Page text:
This is not meant as a metaphor for either teams' season... or is it?
The last game of the season's always kind of sad, especially when you're not going to the playoffs. Driving home, knowing that you won't make that trek to the arena again until preseason starts in September... it's a bummer. Blues fans got to feel that last night, but on a high note - the Blues absolutely creamed the Ducks, 6-3, with four goals in the 3rd period. Keith Tkachuk had assists on two goals, and should have had one himself if not for the intent to blow rule. He had a tremendous send off, both from the team and from the fans. All of Scottrade was chanting "Keith Tka-chuk!" by the last minute of the game - it was chilling. Walter got a great ovation from the crowd after the game, and it got louder when he said that there would be a Cup coming to St. Louis, and that he would be a part of it. I hope that the front office finds some position for him. He loves this team and this town, and guys like that - guys who want to be a Bluenote for life - they deserve a chance to be one.
We might see Paul Kariya's last game as a Blue tonight in Nashville which is the Blues 2009-2010 closer. This season might have been a disappointment in that the Blues didn't make the playoffs, but they'll probably crack 90 points again, are 8 games above .500. Chris Mason has back to back 30 win seasons. Yes, if we were in a weaker Conference we'd be in the playoffs this year. The West is absurd. But there's so much to build on for next year, and the cap space to do it. I'm optimistic.
The Thrashers have a chance to extend their home closer win streak to five years, but they get to do it against the Penguins. Point-less since the OTL to Pittsburgh, the Thrashers get to face the Penguins in their hardest Fan Appreciation night match up in quite some time - please stop by The Pensblog for some pre-game fun. They haven't beaten the Pens since 2008, and sit right at .500 right now. This is the 3rd highest point total in franchise history. How very Thrashers-like for us to get that that many points and still wind up under .500.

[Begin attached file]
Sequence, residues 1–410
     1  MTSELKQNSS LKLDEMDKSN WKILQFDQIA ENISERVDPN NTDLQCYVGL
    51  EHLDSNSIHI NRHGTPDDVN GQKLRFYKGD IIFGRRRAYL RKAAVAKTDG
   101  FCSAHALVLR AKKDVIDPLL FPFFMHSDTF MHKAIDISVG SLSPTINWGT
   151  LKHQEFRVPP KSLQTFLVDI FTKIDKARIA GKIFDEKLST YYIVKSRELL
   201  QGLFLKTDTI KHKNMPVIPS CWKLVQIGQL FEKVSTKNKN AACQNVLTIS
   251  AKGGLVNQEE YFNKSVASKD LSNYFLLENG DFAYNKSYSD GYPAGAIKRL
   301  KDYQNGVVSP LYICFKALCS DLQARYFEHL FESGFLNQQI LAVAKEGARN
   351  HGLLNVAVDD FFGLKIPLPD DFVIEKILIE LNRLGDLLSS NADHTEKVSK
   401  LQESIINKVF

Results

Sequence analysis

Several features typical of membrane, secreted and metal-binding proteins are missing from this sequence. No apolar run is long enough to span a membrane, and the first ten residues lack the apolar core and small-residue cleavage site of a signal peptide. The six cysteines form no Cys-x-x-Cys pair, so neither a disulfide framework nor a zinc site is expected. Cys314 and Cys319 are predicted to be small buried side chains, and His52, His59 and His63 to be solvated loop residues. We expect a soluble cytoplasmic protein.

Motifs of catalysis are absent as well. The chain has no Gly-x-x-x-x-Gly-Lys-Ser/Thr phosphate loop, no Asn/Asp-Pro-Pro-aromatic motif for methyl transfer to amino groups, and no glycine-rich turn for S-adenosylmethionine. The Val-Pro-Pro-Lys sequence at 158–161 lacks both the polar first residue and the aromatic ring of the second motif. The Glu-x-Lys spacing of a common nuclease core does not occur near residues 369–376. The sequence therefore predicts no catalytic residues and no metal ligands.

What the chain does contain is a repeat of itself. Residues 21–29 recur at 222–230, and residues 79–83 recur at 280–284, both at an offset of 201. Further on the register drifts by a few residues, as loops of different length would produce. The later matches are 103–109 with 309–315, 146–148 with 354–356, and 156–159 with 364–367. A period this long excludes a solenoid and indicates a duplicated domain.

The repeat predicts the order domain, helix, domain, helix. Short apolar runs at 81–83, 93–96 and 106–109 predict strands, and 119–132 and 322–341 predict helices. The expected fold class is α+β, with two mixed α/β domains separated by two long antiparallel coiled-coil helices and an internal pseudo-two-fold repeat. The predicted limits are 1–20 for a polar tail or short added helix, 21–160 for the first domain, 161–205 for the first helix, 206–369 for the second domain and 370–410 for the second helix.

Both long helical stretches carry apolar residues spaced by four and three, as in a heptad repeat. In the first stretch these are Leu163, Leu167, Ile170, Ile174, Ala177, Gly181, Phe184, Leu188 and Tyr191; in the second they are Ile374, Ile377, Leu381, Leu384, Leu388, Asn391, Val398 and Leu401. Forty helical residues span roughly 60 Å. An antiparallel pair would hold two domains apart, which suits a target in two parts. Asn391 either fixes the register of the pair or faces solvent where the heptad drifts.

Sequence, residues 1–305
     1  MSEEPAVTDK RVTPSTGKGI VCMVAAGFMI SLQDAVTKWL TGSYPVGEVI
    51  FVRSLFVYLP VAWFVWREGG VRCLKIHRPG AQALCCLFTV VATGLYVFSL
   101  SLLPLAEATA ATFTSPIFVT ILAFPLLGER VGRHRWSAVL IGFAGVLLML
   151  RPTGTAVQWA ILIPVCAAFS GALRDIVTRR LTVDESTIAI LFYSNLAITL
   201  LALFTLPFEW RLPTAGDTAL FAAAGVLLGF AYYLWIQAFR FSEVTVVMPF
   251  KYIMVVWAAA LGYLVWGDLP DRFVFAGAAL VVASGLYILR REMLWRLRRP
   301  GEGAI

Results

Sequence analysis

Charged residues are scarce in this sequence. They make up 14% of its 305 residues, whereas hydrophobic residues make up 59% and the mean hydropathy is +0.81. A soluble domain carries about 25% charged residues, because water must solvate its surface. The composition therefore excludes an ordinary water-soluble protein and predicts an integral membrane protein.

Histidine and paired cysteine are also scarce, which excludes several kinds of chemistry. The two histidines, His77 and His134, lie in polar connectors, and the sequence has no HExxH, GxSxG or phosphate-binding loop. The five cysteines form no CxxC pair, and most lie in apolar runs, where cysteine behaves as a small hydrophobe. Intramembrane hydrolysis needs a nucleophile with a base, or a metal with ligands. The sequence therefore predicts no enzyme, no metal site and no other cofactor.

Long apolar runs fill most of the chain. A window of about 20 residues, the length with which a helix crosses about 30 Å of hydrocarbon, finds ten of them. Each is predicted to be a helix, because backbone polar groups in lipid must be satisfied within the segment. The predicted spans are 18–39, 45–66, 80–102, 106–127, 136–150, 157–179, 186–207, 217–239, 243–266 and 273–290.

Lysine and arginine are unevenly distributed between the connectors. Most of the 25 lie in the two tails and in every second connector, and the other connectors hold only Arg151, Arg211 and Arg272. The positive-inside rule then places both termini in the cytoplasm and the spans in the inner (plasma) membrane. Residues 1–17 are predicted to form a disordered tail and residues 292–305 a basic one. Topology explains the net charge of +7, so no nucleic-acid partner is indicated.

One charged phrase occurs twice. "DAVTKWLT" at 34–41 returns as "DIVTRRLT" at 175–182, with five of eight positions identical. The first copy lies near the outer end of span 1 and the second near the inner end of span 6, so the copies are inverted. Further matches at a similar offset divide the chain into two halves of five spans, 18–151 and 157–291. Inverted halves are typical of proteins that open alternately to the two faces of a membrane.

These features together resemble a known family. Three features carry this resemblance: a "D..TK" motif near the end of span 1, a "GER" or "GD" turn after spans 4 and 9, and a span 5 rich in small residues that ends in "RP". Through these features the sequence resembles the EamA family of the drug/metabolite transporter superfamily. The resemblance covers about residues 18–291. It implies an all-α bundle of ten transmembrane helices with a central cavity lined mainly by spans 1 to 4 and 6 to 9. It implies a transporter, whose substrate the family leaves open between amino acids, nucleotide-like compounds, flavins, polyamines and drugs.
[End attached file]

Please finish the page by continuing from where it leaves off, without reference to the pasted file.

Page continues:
Despite the fact that this seasons win number is in par with last year's and the year before last's, it was nice to be playing relevant hockey up until April. It will also be nice to not see Atlanta's name pop up during the draft lottery on Tuesday night. There were a lot of things to enjoy about this year, and while it's frustrating to see the best start in franchise history wasted by the worst December in franchise history, as far as 10th anniversaries go it wasn't half bad. Here's hoping Kubina and Afinogenov return next season, Kulda hangs around, and we get to see how Kane looks with a year under his belt. Pavelec should be sharper, too. We also won't have a huge dark cloud hanging over our heads all season long - we'll be able to just play.
No, I'm not happy about how this season ended up for either team, but I'm going to go to the Thrashers game tonight, meet up with some friends who just so happen to be Penguins fans before the game, and have some fun. Win or loss, I'm just thankful for some hockey in Atlanta, and I won't be able to wait for next season.